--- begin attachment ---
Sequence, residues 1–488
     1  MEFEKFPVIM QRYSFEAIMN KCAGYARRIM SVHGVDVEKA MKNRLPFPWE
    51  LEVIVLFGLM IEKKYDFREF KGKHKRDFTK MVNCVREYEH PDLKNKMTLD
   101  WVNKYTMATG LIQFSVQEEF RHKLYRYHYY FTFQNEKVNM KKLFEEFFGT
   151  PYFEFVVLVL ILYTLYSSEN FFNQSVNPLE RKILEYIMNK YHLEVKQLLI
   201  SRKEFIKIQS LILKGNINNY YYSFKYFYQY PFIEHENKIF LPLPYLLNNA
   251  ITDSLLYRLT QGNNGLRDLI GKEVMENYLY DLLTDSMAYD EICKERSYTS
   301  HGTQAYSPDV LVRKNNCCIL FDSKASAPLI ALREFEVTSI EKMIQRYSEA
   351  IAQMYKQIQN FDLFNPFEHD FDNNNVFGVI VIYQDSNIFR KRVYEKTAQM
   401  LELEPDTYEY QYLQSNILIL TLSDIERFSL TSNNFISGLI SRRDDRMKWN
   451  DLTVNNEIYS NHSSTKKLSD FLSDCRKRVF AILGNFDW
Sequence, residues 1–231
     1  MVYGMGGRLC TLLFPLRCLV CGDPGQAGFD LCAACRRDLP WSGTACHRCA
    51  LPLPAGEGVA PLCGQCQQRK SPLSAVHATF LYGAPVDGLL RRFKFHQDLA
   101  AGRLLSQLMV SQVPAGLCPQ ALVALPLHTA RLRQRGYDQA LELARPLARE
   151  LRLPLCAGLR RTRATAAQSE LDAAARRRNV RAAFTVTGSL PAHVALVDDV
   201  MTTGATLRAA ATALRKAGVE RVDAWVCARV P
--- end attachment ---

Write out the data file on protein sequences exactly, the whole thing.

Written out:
Sequence, residues 1–488
     1  MEFEKFPVIM QRYSFEAIMN KCAGYARRIM SVHGVDVEKA MKNRLPFPWE
    51  LEVIVLFGLM IEKKYDFREF KGKHKRDFTK MVNCVREYEH PDLKNKMTLD
   101  WVNKYTMATG LIQFSVQEEF RHKLYRYHYY FTFQNEKVNM KKLFEEFFGT
   151  PYFEFVVLVL ILYTLYSSEN FFNQSVNPLE RKILEYIMNK YHLEVKQLLI
   201  SRKEFIKIQS LILKGNINNY YYSFKYFYQY PFIEHENKIF LPLPYLLNNA
   251  ITDSLLYRLT QGNNGLRDLI GKEVMENYLY DLLTDSMAYD EICKERSYTS
   301  HGTQAYSPDV LVRKNNCCIL FDSKASAPLI ALREFEVTSI EKMIQRYSEA
   351  IAQMYKQIQN FDLFNPFEHD FDNNNVFGVI VIYQDSNIFR KRVYEKTAQM
   401  LELEPDTYEY QYLQSNILIL TLSDIERFSL TSNNFISGLI SRRDDRMKWN
   451  DLTVNNEIYS NHSSTKKLSD FLSDCRKRVF AILGNFDW
Sequence, residues 1–231
     1  MVYGMGGRLC TLLFPLRCLV CGDPGQAGFD LCAACRRDLP WSGTACHRCA
    51  LPLPAGEGVA PLCGQCQQRK SPLSAVHATF LYGAPVDGLL RRFKFHQDLA
   101  AGRLLSQLMV SQVPAGLCPQ ALVALPLHTA RLRQRGYDQA LELARPLARE
   151  LRLPLCAGLR RTRATAAQSE LDAAARRRNV RAAFTVTGSL PAHVALVDDV
   201  MTTGATLRAA ATALRKAGVE RVDAWVCARV P